Searching further into Vivian Maier’s expansive archive

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A new exhibition showcases a selection of the 150, 000 artefacts discovered after the former nanny’s death

An exhibit dedicated to Vivian Maier opens at MK Gallery in Milton Keynes on eleven June, following a showcase with Musée du Luxembourg in Paris over the winter. Behind her striking visuals, Maier (1926–2009) has a remarkable tale. Between New York and Chicago, she led a ‘double-life’ as a caretaker while – unbeknown to those who thought they knew her – taking thousands of images of urban goings-on with the girl Rolleiflex. The resultant entire body of work, comprising greater than 150, 000 images and assorted paraphernalia, remained undiscovered during her lifetime. Consciously or not, she inventoried an entire era – its styles and its behavioural norms.

Delivered in New York to European parents, Maier moved to Chi town in 1956, where the girl worked as a nanny intended for bourgeois suburban families for over 40 years. She was reclusive and although she resided with her employers, these people knew little about her personal life. Maier’s function only came to light when the contents of the storage locker in which she had stowed her possessions were auctioned off due to missed payments. A young man, John Maloof, bought its contents for less than $400 and progressively place the images he had inadvertently found out on Flickr, where they received an outsized reaction. The story was turned into the documentary, Getting Vivian Maier (2013), by Maloof themself.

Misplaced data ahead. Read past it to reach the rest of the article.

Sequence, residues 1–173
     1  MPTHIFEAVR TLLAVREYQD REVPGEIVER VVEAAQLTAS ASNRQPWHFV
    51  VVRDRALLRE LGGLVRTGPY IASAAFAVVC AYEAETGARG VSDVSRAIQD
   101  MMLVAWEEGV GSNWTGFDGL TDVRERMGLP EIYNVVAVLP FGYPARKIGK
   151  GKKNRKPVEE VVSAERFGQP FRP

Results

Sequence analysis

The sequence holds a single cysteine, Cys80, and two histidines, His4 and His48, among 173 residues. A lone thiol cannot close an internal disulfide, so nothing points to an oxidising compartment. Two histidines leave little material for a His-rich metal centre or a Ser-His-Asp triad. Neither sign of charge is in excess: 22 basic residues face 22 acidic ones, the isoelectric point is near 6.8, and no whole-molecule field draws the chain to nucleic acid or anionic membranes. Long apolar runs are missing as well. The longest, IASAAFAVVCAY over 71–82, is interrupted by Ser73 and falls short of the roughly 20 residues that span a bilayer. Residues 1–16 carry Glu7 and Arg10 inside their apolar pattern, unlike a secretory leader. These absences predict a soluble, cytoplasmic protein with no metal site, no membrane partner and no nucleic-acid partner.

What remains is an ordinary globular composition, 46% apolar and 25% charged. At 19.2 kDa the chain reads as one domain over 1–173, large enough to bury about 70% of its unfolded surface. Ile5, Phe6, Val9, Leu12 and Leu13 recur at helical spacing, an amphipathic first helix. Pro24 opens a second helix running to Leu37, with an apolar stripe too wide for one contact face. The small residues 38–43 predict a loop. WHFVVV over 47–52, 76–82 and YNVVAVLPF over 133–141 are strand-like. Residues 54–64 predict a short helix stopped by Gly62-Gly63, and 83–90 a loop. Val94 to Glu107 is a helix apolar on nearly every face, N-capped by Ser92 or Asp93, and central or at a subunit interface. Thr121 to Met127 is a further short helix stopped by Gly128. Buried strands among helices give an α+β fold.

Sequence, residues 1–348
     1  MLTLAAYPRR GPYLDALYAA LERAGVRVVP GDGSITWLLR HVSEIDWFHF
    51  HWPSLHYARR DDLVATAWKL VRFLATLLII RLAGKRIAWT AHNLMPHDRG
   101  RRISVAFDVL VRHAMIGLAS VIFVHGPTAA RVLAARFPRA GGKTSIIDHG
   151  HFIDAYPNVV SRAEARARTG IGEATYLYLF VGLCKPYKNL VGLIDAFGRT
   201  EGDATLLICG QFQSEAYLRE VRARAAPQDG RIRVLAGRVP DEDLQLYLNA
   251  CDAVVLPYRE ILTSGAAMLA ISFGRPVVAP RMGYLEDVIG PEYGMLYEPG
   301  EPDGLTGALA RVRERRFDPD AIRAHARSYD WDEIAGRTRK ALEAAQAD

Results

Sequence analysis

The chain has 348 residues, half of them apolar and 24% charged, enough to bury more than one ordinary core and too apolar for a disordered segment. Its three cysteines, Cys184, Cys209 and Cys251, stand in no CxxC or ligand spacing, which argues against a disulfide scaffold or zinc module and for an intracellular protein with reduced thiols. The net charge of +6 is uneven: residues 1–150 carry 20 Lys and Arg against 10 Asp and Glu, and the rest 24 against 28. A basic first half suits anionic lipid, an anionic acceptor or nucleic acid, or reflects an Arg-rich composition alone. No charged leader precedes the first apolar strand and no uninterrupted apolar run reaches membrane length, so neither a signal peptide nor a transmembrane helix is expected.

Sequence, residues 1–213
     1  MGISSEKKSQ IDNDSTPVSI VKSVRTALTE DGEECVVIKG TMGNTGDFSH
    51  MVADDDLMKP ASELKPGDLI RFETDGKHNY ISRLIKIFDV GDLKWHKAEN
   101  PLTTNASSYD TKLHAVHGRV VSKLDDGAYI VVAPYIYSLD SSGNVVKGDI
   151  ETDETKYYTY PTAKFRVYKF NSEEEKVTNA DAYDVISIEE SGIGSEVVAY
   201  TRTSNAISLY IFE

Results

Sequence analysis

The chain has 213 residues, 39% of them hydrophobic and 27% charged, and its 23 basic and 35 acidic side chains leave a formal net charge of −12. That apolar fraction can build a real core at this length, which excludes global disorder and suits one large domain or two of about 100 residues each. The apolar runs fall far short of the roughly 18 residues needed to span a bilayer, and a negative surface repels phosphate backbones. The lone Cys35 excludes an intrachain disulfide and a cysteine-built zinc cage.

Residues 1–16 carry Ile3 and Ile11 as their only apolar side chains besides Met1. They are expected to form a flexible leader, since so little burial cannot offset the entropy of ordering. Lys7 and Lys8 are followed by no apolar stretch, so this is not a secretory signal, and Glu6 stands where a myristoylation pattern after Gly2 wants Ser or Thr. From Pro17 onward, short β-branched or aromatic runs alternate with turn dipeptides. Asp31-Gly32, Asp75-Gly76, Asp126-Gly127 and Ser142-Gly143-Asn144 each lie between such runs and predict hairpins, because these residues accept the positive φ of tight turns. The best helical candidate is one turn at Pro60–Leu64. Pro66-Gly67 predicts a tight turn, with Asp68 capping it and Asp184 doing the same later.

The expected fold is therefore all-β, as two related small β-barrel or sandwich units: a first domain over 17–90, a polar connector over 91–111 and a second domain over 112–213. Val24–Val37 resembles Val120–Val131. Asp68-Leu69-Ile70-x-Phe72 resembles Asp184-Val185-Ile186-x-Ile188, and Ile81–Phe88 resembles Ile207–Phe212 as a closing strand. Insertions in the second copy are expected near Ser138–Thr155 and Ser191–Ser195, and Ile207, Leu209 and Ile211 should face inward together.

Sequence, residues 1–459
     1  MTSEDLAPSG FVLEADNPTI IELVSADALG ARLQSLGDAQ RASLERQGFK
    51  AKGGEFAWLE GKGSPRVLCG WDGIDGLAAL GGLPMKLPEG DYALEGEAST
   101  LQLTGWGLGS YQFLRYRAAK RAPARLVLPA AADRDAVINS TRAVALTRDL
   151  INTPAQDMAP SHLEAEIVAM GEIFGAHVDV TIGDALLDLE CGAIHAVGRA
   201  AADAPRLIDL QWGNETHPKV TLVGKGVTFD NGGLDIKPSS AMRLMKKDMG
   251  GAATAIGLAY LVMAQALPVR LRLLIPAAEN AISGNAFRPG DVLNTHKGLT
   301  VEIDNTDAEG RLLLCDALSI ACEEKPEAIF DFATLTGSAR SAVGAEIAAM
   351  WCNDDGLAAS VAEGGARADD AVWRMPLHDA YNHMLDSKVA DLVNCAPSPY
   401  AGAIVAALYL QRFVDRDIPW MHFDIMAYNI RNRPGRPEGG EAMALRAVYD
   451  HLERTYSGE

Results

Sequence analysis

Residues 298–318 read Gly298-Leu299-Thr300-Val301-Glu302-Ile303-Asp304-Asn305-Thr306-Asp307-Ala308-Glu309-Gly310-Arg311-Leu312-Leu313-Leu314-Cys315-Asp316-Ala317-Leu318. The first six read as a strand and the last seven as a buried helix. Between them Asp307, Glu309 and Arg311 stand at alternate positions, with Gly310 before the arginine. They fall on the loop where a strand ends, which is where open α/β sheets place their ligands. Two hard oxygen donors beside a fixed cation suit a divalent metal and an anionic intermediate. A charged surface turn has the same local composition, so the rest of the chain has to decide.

Vivian Maier, New York, 1953
© Property of Vivian Maier, Thanks to Maloof Collection and Howard Greenberg Gallery, NY.

“There is the mystery of Vivian Maier the person, and there is the mystery of Vivian Maier the oeuvre, ” says Anne Morin, who also curated the show and has previously overseen exhibitions by Robert Doisneau and Jacques Henri Lartigue. That pending mystery has brought up arguments about consent, and whether showcasing a corpus Maier never herself brought on is ethical. Morin acknowledges: “Of course, we touch on questions of meaningful integrity. But we’re performing a duty of memoir above all else. When we show her work, we do her justice; we pay tribute to her. We complete the particular historical record, which was not done in her lifetime. ” Morin constricts herself to the “sphere of the visible” and distinguishes that “we are certainly not invited into the sphere of her life – all those mysteries belong to her on your own. It’s like the mummy’s curse: there are things you just do not touch. ”

Maier’s tale has ultimately had a worldwide impact because “she does not have a tangible identity. The lady speaks to you, she speaks to me…. everyone recognises themselves. There’s a liquid aspect to her, ” Morin notes. Nonetheless, she explains that other people’s capability to project themselves onto her does not minimise her agency. Maier’s film clips act as a key example, showing all of us not just what she sees, but the manner in which she positively looks.